"Robert Kaylor's 1971 documentary Derby is a quintessential movie about the American dream," writes Michael Joshua Rowin for Artforum. "The film centers on a young factory worker, Michael Robert Snell, and his pursuit of stardom on the professional roller derby circuit, but due to the proclivities of its eccentric subject — a handsome, 23-year-old husband and father of two who has not outgrown his wild adolescence — Derby is also a movie about harsh American realities. Since we never know whether Snell makes it, Kaylor's movie emphasizes the process of personal transformation rather than the goal of that transformation, and in so doing confronts the viewer with the sadness of a reinvention more deluded than courageous."
In 1972, Roger Ebert called Derby "one of the most engaging movies I have seen in a long time," and the year before, Jay Cocks wrote in Time, "It seems at first far too facile and fragile an idea for a full-length movie: the roller derby as a metaphor for America's competition, violence, degradation. Scenes of derby competition worked well in films like Petulia and Medium Cool because they were used as secondary symbols, episodes that were part of a more complex whole. But an entire feature devoted to the derby, its stars and its lifestyles?" Kaylor "confounds all expectations" and "uses a kind of modified neorealist technique in which real people re-enact real situations. The results are often stunning." Screens tonight at 92YTribeca with Kaylor's first documentary, Max-Out (1968).
Also tonight in New York, Where Does Your Hidden Smile Lie? (2001) screens at Anthology Film Archives. The New Yorker's Richard Brody: "Filming Jean-Marie Straub and Danièle Huillet at work in the editing room on their 1996 film Sicilia!, Pedro Costa offers an amazingly revealing study of the moviemaking process, an artistic manifesto on the wing, and a touching glimpse of an exceptional love story."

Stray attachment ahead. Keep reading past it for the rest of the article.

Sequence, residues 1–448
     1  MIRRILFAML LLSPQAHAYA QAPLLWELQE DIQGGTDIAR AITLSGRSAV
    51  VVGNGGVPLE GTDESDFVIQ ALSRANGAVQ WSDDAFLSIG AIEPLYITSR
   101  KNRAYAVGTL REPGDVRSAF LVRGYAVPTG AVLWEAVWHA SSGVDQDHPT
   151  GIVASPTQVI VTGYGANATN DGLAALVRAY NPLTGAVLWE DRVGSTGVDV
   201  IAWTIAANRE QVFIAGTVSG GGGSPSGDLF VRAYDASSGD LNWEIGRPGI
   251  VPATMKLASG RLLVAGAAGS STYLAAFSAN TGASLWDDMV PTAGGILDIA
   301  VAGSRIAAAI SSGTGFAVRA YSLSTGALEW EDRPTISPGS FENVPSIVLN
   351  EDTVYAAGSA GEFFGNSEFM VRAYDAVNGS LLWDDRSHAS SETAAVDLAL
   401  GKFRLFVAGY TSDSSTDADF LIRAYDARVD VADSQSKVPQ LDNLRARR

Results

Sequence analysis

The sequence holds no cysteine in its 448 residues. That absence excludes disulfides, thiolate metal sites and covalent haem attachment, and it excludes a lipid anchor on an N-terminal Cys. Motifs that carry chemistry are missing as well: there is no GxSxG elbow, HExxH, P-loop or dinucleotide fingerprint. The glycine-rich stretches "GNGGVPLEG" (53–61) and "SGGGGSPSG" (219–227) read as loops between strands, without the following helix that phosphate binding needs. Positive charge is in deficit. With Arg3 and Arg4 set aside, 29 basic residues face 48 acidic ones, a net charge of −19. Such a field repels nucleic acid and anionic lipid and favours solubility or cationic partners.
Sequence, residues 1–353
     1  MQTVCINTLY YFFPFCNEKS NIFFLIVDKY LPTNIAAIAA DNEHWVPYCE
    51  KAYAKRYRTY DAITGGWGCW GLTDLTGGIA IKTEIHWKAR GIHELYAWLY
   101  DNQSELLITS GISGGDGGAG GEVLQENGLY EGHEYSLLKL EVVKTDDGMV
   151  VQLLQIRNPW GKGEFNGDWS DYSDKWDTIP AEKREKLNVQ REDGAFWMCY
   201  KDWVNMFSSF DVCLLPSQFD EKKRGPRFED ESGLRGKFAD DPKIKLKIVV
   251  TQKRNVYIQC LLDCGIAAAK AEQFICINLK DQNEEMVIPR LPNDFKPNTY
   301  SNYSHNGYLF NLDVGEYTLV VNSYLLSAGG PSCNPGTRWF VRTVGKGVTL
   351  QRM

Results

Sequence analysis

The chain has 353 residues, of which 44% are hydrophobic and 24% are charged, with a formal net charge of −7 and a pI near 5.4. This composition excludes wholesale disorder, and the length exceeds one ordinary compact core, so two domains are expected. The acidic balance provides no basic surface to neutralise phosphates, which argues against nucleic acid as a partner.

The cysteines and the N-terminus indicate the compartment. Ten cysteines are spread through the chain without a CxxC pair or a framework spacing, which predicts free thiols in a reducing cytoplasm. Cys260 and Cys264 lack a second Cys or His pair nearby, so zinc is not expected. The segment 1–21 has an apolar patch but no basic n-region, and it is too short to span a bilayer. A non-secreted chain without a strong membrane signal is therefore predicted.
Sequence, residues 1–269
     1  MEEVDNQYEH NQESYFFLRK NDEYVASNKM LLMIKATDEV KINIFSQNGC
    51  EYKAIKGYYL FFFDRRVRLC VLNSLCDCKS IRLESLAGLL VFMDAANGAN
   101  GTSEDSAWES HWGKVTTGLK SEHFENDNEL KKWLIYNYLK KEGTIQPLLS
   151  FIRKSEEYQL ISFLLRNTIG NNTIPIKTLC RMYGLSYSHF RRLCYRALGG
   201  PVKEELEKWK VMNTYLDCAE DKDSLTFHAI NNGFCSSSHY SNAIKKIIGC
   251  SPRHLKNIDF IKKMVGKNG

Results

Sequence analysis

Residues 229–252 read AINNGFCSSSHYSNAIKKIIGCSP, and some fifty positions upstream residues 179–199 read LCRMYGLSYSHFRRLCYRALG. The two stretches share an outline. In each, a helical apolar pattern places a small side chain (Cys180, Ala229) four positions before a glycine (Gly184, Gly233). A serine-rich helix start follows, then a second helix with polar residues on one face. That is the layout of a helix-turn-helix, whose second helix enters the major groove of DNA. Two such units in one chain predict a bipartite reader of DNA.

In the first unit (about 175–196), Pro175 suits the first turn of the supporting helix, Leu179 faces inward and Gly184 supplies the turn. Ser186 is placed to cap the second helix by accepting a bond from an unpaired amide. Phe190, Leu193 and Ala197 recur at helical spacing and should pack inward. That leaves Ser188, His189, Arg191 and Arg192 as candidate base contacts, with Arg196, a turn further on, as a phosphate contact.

Same screen, but tomorrow: "Voulez-vous coucher avec God?, directed and written by Michael Hirsh and Jack Christie and produced with assistance of the Ontario Arts Council, stars the recently deceased Tuli Kupferberg as God, as well as the Old Testament patriarch Abraham," writes the Voice's J Hoberman. "As strenuously druggy, anarchic, and blasphemous as it is, this 1972 feature might have been one of the many post-El Topo movies auditioned as a midnight attraction by the old Elgin Theater and might even have caught on. Instead, it's having its belated local premiere this Sunday as part of Anthology's tribute to Kupferberg, beat poet, Fugs founder, and Voice contributor (mainly in the form of letters to the editor)."
And beginning tomorrow on the west coast: "The San Francisco Film Society honors [Ferzan] Ozpetek as part of its New Italian Cinema festival," writes Louis Peitzman in the Bay Guardian, "screening his most recent movie, Loose Cannons, along with some of his past work. For those unfamiliar with Ozpetek, this is a primo opportunity to get acquainted. And if you need added incentive, he has a knack for procuring plenty of Italian eye candy." The series runs through November 21.